The police station at Tak Bai, a small town near the Thai-Malaysian border, looks deceptively ordinary.
Survivors were packed into trucks in layers
It is hard to imagine the chain of events which began here last October and ended in the deaths of 85 local Muslims.
A few bullet holes in a nearby wall are the only sign that something terrible happened here.
An eyewitness - too afraid to give me his name or even the name of his village - told me what he saw.
When over 2,000 Muslims demonstrated outside the police station, the Thai police and army responded with water cannons and gunfire.
Then the soldiers bundled hundreds of Muslim men into trucks, four deep. By the time the trucks reached an army base further north, 78 of the men had died of suffocation.
What made the event even more shocking to local Muslims was that it occurred during Ramadan, the Muslim month of fasting.
It was the bloodiest moment in a year of violence, beginning in January 2004, which has claimed over 500 lives - and thrown a spotlight on one of the world's largely forgotten Muslim minorities.
From harmony to hatred
Thailand is an overwhelmingly Buddhist country where Muslims are less than ten per cent of the population.
There are Muslims in the north and centre of the country, but in the three provinces of the deep south - Pattani, Yala and Narathiwat - they are in the majority.
Until recently, Muslims and Buddhists lived side by side in the south in relative harmony.
Now civilians on both sides are being killed and the mood is one of bitterness and mistrust.
So what's gone wrong?
As I travelled through the south, I felt I was trying to unravel a mystery.
There seem to be three underlying factors fuelling the Muslims' sense of grievance.
They believe their history and culture are not acknowledged. For centuries, Pattani was the centre of an independent Muslim kingdom - the Pattani sultanate - which was only incorporated into the Thai state in the early 20th century.
They feel economically marginalised. The south is one of the poorest parts of the country - drawing little benefit, for example, from the country's successful tourist industry.
Thanks to globalisation, they have much stronger links with the wider Muslim world - and share Muslim anger over such issues as Palestine and Iraq.
Bloodshed at the mosque
But much less clear is who is behind the recent violence.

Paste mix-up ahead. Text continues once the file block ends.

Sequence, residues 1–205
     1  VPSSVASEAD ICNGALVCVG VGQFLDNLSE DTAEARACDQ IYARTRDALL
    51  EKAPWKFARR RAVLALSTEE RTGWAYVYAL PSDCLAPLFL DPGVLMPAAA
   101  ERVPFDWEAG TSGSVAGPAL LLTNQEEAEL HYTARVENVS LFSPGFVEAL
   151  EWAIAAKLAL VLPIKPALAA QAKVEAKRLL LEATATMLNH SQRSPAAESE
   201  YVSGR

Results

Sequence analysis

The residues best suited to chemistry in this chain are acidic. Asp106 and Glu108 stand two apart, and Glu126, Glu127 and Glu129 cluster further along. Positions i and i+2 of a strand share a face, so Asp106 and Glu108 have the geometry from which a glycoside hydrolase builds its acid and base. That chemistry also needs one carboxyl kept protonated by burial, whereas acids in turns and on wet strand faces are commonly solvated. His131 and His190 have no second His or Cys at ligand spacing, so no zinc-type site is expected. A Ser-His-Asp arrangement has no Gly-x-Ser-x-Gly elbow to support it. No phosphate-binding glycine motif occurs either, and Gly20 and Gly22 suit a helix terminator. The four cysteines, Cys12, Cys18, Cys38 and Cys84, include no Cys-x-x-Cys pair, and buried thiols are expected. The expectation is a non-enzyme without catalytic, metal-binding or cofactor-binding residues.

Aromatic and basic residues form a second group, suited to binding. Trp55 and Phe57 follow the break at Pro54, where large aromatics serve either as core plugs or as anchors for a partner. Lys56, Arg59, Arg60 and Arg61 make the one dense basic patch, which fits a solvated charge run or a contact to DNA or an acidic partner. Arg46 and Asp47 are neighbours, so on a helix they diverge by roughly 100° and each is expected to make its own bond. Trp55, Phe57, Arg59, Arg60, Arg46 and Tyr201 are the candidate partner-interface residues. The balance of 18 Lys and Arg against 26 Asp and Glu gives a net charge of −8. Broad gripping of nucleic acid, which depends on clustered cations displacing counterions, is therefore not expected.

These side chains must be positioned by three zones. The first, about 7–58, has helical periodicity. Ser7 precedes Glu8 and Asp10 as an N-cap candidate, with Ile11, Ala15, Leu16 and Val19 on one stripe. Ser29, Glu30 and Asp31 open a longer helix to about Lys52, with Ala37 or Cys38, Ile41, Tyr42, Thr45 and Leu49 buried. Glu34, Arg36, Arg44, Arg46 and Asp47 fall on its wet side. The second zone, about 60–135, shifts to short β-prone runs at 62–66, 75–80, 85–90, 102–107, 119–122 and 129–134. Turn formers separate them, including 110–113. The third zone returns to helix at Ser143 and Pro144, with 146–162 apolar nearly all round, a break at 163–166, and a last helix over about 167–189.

Take the events of a single day, 28 April last year.
I visited the ancient and revered Kru Se mosque in the town of Pattani, where 32 Muslim militants were killed by the Thai security forces after a nine-hour standoff.
But the drama at the mosque was only the climax of a day of violence which claimed over 100 Muslim lives.
In a series of apparently co-ordinated incidents, Muslims attacked police posts across the three southern provinces.
It was the bloodiest day of fighting since violence resurfaced in the region in January
Given that they were armed only with knives and machetes, these were virtually suicide missions.
But who these militants are, and what drives them, remains a mystery.
I asked Nur, whose husband Mohammed was one of those who died on 28 April, why she thought he had done it.
He just went off one day, she said, and didn't return. Even now, she has never seen the body.
Experts can shed some light on the puzzle, but not much.
They believe an older separatist movement - active in the south in the 1960s and seventies - has now been superseded by a newer Islamic one.
Government advisers in Bangkok go further and allege the involvement of Jemaah Islamiyah, regarded as the regional arm of Al-Qaeda.
But they offer little by way of proof.
Fish and fertilisers
"The people love the army," I was assured by the military spokesman in the south, a smooth-talking man known as Colonel Sam.
In an effort to convince me, he took me to see smiling villagers who'd received fish and fertilisers, as well as protection, from Colonel Sam and his soldiers.
But virtually all of them were Buddhists - the Muslims, I was told, were praying at the mosque.
In one village Thai flags had been placed every few metres along the roadside.
Colonel Sam gave the villagers a pep talk, urging them to show the BBC how strong and united they were.
It all felt rather staged.
A wider insurgency?
The reality is that the Muslims of the south deeply resent the Thai army and its pervasive presence.
Thanks to the events at Tak Bai, the militants now seem to enjoy more grass-roots support than before.
In national elections on 6 February, Prime Minister Thaksin Shinawatra won a landslide victory and four more years in power.
Most experts think he has mishandled the conflict in the south.
The danger is that, if his government sticks with its hard-line strategy in the south, the insurgency will be transformed from a local problem into a regional or even an international one.
Roger Hardy's programme on Thailand - the second in a four-part series, "Islam's Furthest Frontier" - is broadcast on the BBC World Service on 14 February.